A dissertation submitted in partial fulfillment of the requirements for the degree of Doctor of Philosophy In Education
This study focused on two urban, Massachusetts high schools and the question of how the practices of school leaders related to the level of performance. Specifically, it attempted to provide specifics as to perceptions educational leaders held with regards to high-stakes environments and how they responded to state mandates. The study examined how leaders in both schools define successful reform, perceive high-stakes testing, perceive a need to raise student achievement, and implement reforms in response to high-stakes testing. For the purpose of this study, a leader was defined as anyone within the school system who has the power/ability to facilitate, implement, or lead change. The study combined qualitative interview data and survey methodology to examine differing perceptions and to identify the factors most strongly associated with different levels of reform success The findings from the scales, surveys, and interview data suggest that in a state with high-stakes testing, successful reform was defined by strategies that get “results,”— i.e. achievement on the high-stakes exam. Results help schools measure their progress and also appear to influence teacher support. The findings also show that success in a high-stakes environment is predicated on setting high standards for all students and being consistently aware of student achievement, which includes monitoring and guiding those students who struggle.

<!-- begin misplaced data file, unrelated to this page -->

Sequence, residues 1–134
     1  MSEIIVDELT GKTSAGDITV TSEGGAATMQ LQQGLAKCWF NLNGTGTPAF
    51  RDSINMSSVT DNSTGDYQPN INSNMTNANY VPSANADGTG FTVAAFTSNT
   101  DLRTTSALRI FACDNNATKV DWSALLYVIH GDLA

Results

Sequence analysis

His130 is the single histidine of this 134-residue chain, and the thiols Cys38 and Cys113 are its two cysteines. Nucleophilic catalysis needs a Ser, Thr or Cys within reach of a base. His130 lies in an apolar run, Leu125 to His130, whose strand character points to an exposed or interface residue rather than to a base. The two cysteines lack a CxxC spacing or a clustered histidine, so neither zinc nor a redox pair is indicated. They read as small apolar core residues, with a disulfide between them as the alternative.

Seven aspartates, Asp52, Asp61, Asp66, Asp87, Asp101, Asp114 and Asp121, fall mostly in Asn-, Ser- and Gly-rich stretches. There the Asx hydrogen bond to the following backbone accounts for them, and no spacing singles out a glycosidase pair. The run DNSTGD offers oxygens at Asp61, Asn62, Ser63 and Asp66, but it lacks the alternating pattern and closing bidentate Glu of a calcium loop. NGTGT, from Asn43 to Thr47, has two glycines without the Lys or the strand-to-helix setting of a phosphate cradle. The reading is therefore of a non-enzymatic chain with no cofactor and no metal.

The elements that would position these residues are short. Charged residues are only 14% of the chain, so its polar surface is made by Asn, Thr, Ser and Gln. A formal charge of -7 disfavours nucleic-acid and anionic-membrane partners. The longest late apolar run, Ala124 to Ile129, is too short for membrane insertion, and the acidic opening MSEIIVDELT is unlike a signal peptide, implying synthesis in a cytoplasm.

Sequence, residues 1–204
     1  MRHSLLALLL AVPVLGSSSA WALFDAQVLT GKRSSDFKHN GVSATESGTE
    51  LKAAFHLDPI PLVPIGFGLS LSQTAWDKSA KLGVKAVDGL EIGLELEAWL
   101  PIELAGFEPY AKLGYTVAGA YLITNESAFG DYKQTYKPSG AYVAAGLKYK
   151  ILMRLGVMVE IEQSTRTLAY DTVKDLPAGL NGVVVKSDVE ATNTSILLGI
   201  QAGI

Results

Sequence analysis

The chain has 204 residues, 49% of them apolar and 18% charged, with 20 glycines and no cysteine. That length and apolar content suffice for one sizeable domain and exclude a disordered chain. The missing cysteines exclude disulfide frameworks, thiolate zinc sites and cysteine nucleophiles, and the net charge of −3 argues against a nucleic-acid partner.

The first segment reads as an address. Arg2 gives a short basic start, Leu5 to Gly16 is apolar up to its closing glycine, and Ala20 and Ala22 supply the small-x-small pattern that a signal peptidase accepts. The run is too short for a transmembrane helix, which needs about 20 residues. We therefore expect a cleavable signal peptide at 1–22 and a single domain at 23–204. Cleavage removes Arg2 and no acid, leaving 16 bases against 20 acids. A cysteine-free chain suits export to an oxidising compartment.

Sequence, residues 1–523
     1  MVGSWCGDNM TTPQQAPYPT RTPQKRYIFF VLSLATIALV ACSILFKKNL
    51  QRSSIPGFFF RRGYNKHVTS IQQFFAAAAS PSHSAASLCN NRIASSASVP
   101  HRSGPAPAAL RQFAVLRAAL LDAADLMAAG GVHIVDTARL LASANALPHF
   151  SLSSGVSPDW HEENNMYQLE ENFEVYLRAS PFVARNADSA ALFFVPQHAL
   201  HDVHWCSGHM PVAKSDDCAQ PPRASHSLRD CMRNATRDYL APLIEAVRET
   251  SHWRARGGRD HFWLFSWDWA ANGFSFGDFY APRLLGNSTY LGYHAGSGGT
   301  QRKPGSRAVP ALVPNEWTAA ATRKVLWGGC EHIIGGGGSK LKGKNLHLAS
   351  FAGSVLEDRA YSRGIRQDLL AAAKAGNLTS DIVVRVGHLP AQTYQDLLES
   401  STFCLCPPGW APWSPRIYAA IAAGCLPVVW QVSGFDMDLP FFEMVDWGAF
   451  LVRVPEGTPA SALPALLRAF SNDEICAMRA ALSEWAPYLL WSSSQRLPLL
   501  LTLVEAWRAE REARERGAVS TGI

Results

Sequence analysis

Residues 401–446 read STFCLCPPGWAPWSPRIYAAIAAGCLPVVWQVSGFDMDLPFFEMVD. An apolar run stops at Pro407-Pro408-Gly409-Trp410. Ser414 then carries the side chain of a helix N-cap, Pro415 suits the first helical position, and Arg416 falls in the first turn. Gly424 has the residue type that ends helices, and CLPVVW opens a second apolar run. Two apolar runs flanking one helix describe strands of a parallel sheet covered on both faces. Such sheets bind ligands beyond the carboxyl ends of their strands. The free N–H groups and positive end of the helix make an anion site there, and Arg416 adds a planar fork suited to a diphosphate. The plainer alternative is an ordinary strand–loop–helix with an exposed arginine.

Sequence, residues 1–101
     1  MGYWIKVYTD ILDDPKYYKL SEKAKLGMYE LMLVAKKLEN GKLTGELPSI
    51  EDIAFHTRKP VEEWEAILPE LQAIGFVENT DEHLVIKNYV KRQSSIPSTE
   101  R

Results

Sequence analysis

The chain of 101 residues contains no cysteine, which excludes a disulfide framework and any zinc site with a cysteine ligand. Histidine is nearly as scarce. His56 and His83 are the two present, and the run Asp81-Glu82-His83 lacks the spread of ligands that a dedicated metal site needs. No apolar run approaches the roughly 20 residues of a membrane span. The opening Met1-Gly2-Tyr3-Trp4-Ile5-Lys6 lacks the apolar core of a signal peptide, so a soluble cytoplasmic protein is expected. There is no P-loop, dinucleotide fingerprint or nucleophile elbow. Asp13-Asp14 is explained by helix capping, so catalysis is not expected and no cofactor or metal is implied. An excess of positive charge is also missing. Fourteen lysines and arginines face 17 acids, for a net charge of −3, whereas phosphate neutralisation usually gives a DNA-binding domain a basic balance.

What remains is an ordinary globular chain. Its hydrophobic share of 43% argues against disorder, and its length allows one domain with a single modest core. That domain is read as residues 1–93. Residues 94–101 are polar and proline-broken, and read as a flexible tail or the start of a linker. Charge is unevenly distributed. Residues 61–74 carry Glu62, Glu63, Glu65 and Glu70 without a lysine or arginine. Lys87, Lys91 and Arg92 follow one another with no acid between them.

Digital Initiatives Press: Rhode Island College
school leader, MCAS, standarized testing, student achievement
Educational Assessment, Evaluation, and Research | Elementary and Middle and Secondary Education Administration
Proulx, Jill A., "A Tale of Two City Schools" (2010). Ebook Gallery. 12.